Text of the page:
• On the other side of the ledger, a summary of the the conjunctive abbreviations reveals that this film has more T&A than the original and more F&S. Like the original, it has no S&M and A&W. I can forgive their failure to step up the root beer content, since the filmmakers did gear up the nudity and the hot girl-on-girl action. There is even a lesbian shower scene.

Summary: Basically a re-make of Wild Things without the fun, the originality, and the stars, but with a bit more sex and nudity.



  • Widescreen, anamorphic 16x9, good transfer.
  • No features.



  • Sarah Laine and Sandra McCoy, as the Wild Things, show their breasts.
  • Sarah Laine's bare bum is seen from the side.
  • an unknown party-goer shows her breasts.
  • Dina Meyer, as a parole officer, appears in a white t-shirt.

The Critics Vote ...

  • No major reviews online

The People Vote ...

The meaning of the IMDb score: 7.5 usually indicates a level of excellence equivalent to about three and a half stars from the critics. 6.0 usually indicates lukewarm watchability, comparable to approximately two and a half stars from the critics. The fives are generally not worthwhile unless they are really your kind of material, equivalent to about a two star rating from the critics, or a C- from our system. Films rated below five are generally awful even if you like that kind of film - this score is roughly equivalent to one and a half stars from the critics or a D on our scale. (Possibly even less, depending on just how far below five the rating is.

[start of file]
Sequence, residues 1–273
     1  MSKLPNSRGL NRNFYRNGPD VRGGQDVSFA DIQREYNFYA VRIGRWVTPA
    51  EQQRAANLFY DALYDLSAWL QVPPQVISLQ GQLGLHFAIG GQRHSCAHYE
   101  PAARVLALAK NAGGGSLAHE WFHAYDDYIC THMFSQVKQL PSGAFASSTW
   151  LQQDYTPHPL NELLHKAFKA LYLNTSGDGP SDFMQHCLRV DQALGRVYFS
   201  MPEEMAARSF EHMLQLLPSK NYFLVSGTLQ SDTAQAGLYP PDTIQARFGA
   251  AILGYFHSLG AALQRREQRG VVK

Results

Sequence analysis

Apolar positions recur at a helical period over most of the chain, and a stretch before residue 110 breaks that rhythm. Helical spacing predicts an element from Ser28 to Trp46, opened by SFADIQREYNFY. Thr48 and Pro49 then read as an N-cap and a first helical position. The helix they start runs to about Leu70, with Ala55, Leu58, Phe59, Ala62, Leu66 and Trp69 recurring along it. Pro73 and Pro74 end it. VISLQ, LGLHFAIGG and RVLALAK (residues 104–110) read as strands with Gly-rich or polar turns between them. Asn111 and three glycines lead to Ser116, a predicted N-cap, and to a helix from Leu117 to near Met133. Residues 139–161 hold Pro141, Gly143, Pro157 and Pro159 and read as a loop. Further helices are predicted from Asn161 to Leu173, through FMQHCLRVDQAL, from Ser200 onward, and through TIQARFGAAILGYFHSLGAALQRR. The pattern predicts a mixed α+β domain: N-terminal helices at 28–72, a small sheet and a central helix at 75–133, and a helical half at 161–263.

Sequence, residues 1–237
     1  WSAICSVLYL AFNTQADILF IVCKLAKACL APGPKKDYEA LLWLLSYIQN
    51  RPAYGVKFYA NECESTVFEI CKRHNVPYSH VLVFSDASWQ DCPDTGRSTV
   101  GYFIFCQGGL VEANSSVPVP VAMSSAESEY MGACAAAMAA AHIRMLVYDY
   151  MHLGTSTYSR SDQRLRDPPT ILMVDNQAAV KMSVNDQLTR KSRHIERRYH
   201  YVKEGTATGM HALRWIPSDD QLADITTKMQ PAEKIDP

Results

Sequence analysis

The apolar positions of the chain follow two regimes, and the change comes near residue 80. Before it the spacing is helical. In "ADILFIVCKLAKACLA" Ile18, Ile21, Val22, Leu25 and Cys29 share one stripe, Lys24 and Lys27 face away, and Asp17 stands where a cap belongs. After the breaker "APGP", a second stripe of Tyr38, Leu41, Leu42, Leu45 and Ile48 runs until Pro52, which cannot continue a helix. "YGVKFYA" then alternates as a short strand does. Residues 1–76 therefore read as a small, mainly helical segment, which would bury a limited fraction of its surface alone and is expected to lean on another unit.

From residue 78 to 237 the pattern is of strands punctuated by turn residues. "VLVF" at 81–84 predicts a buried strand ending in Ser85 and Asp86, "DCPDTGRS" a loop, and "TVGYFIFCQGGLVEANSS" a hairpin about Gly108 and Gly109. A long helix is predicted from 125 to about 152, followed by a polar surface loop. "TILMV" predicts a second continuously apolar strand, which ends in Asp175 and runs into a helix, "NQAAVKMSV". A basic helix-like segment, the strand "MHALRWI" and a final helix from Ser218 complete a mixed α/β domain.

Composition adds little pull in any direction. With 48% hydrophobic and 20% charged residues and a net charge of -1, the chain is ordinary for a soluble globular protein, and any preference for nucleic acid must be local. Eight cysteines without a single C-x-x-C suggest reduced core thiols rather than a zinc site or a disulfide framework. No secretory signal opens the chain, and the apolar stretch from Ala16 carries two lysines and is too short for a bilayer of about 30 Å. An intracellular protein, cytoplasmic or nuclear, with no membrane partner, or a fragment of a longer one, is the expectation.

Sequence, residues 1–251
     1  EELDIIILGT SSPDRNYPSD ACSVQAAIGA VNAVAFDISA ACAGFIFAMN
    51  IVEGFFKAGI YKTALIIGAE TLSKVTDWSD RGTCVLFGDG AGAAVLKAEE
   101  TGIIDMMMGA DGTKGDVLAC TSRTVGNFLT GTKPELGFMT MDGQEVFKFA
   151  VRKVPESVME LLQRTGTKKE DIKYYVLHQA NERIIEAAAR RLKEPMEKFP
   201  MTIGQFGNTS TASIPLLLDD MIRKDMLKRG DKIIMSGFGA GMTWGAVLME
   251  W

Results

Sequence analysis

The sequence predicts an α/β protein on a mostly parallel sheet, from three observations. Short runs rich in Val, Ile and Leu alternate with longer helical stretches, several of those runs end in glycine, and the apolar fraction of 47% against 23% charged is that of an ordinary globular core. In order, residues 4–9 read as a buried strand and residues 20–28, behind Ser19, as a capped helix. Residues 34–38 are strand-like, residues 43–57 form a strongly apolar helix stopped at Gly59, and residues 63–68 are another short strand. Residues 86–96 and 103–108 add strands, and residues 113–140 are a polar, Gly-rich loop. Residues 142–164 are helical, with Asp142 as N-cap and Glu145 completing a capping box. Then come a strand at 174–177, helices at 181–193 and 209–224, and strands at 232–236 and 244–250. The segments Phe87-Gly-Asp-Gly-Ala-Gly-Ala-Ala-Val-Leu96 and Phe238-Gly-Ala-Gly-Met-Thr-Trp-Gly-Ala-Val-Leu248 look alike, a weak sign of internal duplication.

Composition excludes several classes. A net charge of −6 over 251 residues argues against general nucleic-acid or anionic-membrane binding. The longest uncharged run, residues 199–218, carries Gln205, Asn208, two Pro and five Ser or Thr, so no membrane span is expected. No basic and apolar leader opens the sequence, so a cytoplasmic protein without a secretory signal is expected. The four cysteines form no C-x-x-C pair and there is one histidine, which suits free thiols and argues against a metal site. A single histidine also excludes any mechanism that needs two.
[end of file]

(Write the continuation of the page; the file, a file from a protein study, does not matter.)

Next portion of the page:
My own guideline: A means the movie is so good it will appeal to you even if you hate the genre. B means the movie is not good enough to win you over if you hate the genre, but is good enough to do so if you have an open mind about this type of film. C means it will only appeal to genre addicts, and has no crossover appeal. (C+ means it has no crossover appeal, but will be considered excellent by genre fans, while C- indicates that it we found it to be a poor movie although genre addicts find it watchable). D means you'll hate it even if you like the genre. E means that you'll hate it even if you love the genre. F means that the film is not only unappealing across-the-board, but technically inept as well. Any film rated C- or better is recommended for fans of that type of film. Any film rated B- or better is recommended for just about anyone. We don't score films below C- that often, because we like movies and we think that most of them have at least a solid niche audience. Now that you know that, you should have serious reservations about any movie below C-.

Based on this description, this is a C-. Marginal genre film. Better than the disappointing Wild Things 2, but only a pale third-generation STV copy of the original. Not worth a look unless you want to see these specific girls with their shirts off.